Brad DeLong had some insightful and amusing observations on the priorities of Federal Reserve Chair Ben Bernanke and Treasury Secretary Henry Paulson. I can’t resist reproducing Brad’s comments with some annotations of my own.
Brad writes: Is 2008 our 1929? No. It is not. The most important reason it is not is that Bernanke and Paulson are both focused like laser beams on not making the same mistakes as were made in 1929.
JDH annotates: Said mistakes of 1929 being allowing widespread bank panics to destroy the ability of financial intermediaries to function and allowing the price level to fall by 1/3. “Not on my watch” seems to be Bernanke’s motto.
Brad writes: They are also focused, but not quite as much, on not making the mistakes made by Arthur Burns in the 1970s.
JDH annotates: Said mistakes of the 1970s being overestimating what monetary stimulus can accomplish and igniting inflation as a result. The desire to avoid repeating this error is what prevented the Fed from lowering the target for the fed funds rate last week despite the chaos. Notwithstanding, I expect that Bernanke would quite gladly accept some resurgence in inflation if that would help avoid a financial meltdown.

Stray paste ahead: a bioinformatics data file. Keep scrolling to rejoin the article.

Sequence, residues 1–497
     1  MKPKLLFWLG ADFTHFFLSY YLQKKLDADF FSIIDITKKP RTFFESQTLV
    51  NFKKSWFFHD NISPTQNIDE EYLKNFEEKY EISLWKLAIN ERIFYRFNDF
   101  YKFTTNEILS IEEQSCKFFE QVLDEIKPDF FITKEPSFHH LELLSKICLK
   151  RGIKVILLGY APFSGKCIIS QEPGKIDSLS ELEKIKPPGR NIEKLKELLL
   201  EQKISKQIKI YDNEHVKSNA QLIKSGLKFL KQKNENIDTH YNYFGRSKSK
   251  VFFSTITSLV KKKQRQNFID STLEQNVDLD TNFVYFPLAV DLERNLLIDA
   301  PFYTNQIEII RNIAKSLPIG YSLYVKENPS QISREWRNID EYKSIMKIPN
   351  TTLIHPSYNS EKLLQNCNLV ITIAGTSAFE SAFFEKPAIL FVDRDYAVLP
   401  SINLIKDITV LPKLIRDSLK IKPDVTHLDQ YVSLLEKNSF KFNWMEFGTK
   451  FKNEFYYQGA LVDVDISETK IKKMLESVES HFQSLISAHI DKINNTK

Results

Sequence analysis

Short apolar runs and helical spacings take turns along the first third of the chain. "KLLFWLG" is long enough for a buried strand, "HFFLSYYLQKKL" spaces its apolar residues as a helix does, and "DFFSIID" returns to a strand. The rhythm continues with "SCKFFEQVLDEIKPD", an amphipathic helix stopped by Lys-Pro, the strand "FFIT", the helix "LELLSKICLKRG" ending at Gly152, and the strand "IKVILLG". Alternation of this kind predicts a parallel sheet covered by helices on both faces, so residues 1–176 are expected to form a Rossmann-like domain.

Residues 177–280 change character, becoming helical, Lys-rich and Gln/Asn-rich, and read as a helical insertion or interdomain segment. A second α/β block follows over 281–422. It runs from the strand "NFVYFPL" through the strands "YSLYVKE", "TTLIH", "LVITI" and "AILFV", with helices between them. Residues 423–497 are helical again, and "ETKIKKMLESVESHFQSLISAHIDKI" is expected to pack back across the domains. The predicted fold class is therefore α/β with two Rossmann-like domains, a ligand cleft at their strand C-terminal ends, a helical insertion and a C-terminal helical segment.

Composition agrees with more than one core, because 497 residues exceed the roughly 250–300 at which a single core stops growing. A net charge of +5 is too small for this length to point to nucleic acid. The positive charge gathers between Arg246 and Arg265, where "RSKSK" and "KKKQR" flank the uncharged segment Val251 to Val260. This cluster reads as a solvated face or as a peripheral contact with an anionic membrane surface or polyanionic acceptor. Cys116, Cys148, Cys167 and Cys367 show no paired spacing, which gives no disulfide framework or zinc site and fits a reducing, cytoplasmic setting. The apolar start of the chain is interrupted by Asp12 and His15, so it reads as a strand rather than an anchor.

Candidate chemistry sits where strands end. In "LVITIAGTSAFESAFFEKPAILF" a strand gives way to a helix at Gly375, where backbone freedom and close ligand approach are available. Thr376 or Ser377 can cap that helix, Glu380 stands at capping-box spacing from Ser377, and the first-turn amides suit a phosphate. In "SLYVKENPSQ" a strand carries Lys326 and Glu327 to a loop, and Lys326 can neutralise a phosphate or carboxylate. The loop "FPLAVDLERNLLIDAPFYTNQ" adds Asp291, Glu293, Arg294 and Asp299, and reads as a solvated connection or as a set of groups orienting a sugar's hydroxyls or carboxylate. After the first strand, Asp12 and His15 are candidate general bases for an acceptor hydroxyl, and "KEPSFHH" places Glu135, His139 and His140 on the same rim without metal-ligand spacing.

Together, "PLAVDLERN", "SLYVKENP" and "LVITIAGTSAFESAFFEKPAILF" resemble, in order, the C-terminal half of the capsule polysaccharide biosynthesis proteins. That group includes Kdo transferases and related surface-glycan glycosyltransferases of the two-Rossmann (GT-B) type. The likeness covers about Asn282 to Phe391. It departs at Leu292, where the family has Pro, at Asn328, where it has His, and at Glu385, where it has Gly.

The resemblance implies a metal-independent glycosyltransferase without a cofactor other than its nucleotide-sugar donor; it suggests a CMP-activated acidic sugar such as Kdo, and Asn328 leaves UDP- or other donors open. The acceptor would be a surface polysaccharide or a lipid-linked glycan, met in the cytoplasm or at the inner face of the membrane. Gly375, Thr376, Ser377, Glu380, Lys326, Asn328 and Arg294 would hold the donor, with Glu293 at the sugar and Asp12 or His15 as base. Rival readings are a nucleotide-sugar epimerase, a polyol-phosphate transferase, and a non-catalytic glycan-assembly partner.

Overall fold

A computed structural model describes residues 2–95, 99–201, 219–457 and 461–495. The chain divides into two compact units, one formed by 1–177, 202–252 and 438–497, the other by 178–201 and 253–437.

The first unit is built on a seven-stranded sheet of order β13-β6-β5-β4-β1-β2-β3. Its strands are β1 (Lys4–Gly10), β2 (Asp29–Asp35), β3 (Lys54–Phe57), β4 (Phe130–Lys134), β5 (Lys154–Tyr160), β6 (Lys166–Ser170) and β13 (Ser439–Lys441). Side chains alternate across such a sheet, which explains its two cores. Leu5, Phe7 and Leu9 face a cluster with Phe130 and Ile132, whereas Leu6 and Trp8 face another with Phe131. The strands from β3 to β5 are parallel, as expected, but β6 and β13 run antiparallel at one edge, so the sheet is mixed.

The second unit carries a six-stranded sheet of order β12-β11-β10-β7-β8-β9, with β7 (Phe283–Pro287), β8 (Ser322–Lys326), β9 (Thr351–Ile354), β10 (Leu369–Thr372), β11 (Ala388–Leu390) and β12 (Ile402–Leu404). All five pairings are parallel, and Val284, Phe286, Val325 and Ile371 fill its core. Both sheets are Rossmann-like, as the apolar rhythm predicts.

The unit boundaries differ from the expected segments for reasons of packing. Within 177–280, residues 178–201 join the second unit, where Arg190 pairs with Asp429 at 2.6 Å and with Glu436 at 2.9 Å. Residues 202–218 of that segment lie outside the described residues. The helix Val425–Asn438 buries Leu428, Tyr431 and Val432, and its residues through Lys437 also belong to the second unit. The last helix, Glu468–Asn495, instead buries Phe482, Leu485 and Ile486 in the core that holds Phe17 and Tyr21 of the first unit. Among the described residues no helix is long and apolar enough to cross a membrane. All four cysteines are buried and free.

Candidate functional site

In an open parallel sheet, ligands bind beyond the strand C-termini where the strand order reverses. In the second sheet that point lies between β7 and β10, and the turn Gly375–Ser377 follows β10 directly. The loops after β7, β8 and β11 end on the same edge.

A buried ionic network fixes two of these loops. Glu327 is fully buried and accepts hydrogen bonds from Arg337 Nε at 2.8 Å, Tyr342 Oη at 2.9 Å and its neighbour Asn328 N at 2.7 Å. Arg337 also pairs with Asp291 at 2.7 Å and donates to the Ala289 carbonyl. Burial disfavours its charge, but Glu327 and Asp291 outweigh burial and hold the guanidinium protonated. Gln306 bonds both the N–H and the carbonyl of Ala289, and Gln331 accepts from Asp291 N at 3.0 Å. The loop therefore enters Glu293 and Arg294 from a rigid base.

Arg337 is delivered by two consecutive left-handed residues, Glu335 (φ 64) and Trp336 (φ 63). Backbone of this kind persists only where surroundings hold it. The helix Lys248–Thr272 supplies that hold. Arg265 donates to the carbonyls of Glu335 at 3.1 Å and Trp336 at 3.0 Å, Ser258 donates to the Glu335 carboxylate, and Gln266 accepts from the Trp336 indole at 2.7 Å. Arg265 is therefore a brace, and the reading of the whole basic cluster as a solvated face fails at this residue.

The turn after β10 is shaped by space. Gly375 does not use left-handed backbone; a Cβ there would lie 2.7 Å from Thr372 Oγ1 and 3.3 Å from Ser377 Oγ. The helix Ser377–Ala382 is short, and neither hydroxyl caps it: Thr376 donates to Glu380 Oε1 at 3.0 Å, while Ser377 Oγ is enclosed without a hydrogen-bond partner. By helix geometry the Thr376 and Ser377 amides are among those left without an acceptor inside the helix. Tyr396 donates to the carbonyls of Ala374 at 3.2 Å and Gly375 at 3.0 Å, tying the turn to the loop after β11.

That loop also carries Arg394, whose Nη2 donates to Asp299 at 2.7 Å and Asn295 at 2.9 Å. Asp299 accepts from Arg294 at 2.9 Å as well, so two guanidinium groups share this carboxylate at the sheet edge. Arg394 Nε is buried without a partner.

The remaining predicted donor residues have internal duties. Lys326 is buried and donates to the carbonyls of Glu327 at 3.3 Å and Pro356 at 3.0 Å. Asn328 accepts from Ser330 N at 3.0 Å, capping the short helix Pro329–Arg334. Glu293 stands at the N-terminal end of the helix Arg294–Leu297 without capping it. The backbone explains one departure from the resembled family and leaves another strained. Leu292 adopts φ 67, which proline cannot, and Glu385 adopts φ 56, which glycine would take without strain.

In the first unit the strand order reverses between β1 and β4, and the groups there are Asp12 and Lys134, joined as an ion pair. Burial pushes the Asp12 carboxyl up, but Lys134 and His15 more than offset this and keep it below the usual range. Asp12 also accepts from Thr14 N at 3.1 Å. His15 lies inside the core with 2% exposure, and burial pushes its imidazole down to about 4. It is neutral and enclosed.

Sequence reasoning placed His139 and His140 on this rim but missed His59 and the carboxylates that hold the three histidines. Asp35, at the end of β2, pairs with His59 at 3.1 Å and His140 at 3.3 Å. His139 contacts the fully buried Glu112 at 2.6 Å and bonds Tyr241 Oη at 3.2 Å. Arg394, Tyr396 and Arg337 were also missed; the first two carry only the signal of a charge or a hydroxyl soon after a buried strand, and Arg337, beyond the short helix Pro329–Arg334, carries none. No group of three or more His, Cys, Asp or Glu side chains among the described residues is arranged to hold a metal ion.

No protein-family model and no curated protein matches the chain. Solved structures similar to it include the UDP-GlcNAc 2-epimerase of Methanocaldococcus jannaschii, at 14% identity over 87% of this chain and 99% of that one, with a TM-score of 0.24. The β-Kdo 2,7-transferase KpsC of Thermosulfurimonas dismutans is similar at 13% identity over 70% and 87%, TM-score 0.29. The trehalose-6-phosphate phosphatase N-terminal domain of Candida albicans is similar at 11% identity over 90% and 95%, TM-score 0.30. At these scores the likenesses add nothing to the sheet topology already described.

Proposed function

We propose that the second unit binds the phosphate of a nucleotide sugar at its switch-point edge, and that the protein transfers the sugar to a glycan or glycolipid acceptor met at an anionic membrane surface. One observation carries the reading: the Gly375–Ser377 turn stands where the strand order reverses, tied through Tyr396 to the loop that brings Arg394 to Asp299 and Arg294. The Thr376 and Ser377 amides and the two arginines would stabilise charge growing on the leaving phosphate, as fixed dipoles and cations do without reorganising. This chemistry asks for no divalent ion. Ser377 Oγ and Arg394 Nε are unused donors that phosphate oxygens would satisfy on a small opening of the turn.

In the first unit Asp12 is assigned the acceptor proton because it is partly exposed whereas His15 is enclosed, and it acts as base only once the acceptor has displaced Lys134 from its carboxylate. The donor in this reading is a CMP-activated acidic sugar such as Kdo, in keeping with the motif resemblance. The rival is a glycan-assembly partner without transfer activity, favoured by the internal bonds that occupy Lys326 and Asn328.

Brad writes: And they are also focused, but not quite as much, on not making the mistakes the Bank of Japan made in the 1990s.
JDH annotates: Said mistakes in Japan being allowing substantial deflation (which again I’m quite certain Bernanke will avoid at all costs) and allowing zombie banks— banks with negative net worth– to remain functioning, but paralyzing everyone with the fear that any changes could kill them off for good.
Brad writes: They want to make their own, original, mistakes…
JDH annotates: Heh.